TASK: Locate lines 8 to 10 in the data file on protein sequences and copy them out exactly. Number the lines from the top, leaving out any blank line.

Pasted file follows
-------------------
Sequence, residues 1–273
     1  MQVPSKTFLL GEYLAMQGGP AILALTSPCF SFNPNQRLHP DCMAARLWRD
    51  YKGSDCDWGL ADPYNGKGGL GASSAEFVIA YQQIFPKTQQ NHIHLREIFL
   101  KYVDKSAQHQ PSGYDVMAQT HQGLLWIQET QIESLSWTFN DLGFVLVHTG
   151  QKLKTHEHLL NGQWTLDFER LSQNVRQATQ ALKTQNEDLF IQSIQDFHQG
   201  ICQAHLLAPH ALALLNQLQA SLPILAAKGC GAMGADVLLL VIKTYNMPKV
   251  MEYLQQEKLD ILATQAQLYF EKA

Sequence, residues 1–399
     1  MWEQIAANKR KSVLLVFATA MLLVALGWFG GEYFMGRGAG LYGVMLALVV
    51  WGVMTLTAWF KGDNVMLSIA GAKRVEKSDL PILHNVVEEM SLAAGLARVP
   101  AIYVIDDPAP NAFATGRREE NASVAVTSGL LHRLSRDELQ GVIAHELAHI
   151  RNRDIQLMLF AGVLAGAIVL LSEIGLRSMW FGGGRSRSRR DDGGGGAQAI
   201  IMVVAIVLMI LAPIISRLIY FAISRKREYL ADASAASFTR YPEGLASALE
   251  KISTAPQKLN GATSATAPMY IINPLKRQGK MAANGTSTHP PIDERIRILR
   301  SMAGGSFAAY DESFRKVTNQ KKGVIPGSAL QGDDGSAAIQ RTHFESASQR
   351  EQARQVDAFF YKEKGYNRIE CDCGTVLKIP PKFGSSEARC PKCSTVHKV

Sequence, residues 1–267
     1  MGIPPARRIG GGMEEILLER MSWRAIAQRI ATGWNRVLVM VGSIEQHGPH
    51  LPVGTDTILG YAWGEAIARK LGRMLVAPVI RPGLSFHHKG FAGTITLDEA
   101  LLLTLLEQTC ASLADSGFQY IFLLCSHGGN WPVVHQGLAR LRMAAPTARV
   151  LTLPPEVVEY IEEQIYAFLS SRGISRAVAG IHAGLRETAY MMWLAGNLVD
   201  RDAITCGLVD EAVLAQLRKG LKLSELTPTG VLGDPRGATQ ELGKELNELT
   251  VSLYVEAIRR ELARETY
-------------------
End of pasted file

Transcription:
Sequence, residues 1–399
     1  MWEQIAANKR KSVLLVFATA MLLVALGWFG GEYFMGRGAG LYGVMLALVV
    51  WGVMTLTAWF KGDNVMLSIA GAKRVEKSDL PILHNVVEEM SLAAGLARVP